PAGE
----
The World Health Organization (WHO) has published a Health Evidence Synthesis report this week that has gathered evidence from a wide range of studies showing arts being beneficial to health. The WHO report suggests that all forms of art including visual arts, performing arts, literature etc. could be helpful in providing support in treatment and prevention of non-communicable diseases, neurological conditions and mental illnesses.
UN Photo/JC McIlwaine - An Indian dance is performed at the United Nations Mission in South Sudan.
For the purpose of the study the researchers classified arts into five categories including performing arts such as singing, dancing, acting etc., visual arts such as painting, pottery, knitting, crafts, design, photography etc., literature including poetry, prose reading, writing, attending literary festivals etc., culture including visiting galleries, museums, art symposiums, music conferences etc. and online arts including digital arts, design and animation.
The team at the WHO Regional Office for Europe included over 900 publications and reviews in scientific journals that included over 3,500 studies. The language chosen for the studies were English and Russian and time duration of the studies chosen for this analysis were between January 2000 and May 2019. All kinds of studies were included in the report. Some were case reports of individual cases, some were pilot studies, some were randomized controlled trials, some were small scale studies while others were longitudinal cohort studies that included large populations across nations.
Dr Piroska Ostlin, WHO regional director for Europe, in a statement said, “The examples cited in this groundbreaking WHO report show ways in which the arts can tackle 'wicked' or complex health challenges such as diabetes, obesity and mental ill-health. They consider health and well-being in a broader societal and community context and offer solutions that common medical practice has so far been unable to address effectively.” Authors of the study wrote in conclusion that evidence reveals that arts have a significant impact on “both mental and physical health.”
Among performing arts, waltzing lessons were found to be helpful for people with chronic heart failure by providing them with necessary aerobic exercise. Among other non-communicable diseases arts as therapy could benefit patients with asthma, respiratory diseases, heart disease and cancers, write the researchers.
Dance also helped patients with post-traumatic stress disorder (PTSD) by helping them relax their muscles due to stress and also reduced the stiffness and muscle pain seen in these patients known as “body armouring”. Children surviving the 2008 China earthquakes were found to do well after calligraphy training. Their stress levels and hyperarousal was found to be reduced after the training, found one of the studies.
Similarly, music for patients before and during surgery has been shown to reduce need for post-operative pain medication. Music also works well for neonates admitted in the neonatal intensive care units say researchers. Music and visual arts such as painting has been shown to help patients with dementia as well, wrote the researchers. In neurodevelopmental and neurological conditions such as cerebral palsy, autism spectrum disorders, strokes and degenerative neurological conditions, arts have been shown to provide significant benefits. Arts have found to reduce stress and also improve immune responses to diseases, finds the report.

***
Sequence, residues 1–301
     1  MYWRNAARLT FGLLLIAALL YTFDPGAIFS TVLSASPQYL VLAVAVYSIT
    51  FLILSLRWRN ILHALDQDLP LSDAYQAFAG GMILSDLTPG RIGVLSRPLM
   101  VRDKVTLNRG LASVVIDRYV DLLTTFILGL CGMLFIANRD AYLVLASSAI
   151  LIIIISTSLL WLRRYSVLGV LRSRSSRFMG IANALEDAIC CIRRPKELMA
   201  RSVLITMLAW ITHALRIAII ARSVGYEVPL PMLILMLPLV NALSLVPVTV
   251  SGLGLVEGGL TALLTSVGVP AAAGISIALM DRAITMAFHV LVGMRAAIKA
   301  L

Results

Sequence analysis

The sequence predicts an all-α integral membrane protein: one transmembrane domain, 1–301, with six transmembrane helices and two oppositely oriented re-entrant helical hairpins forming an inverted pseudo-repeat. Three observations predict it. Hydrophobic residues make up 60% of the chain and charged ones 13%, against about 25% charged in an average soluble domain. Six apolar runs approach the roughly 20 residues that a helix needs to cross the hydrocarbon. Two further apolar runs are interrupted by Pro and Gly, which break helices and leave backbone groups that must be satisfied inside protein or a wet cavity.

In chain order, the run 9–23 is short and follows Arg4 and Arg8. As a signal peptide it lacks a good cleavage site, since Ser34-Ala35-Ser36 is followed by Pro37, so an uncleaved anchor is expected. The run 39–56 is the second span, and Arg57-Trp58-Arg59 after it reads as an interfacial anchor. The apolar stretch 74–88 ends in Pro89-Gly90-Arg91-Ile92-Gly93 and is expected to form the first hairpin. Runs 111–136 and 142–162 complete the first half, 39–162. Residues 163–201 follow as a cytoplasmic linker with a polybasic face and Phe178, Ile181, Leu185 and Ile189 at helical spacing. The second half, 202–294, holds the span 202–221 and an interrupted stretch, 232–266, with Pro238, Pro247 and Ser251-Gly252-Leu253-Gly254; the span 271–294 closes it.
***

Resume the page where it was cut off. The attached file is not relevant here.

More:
Arts inclusion among children’s daily routine helps in myriad of ways write the researchers. This includes development of the child, early speech and language development, better educational acquisition and improvement of parent-child bonding.
Some of the evidence revealed that arts may even have a stronger impact on health compared to medication and exercise. Incorporation of arts in promotion of health also has economic benefits, wrote the researchers saying that these interventions maybe more cost-effective than other measures. Mild to moderate mental illnesses are cost-effectively managed using arts, the team wrote. In severe mental illness as well, arts could be used along with traditional medication and other therapies.
Festivals, carnivals, digital arts too play an important role in health promotion found evidence from the studies. Blind children from South India participated in a study for example where they were provided with singing toothbrushes. The quality of brushing and oral health improved among these children says this report.
Overall the arts as therapy raised resilience, social functioning, communication skills and physical abilities of the individuals. It has been seen that these promote health and well being and also improve the quality of life for the patient. Art therapy particularly is beneficial for palliative and end-of-life care and coping with bereavement as seen from evidence, wrote researchers.
Lead author of the study, Dr Daisy Fancourt, University College London, in her statement said, “This report highlights that engagement with the arts can affect social determinants of health, improving social cohesion and reducing social inequalities and inequities. Crucially, the arts can support the prevention of illness and promotion of good health.”
As a recommendation, the WHO report suggests that health and arts sectors need to be strengthened and brought together. Line of referral between the two needs to be established says the report. The report adds that since 2000’s nations including England, Ireland, Finland, Norway and Sweden have started on the policies to incorporate art and culture into the mainstream health promotion. Further research has been called for to establish the efficacy of arts in certain areas, says the report warning that arts may not be an answer to all diseases and traditional therapeutics play a main role in wellbeing with arts being an adjunct.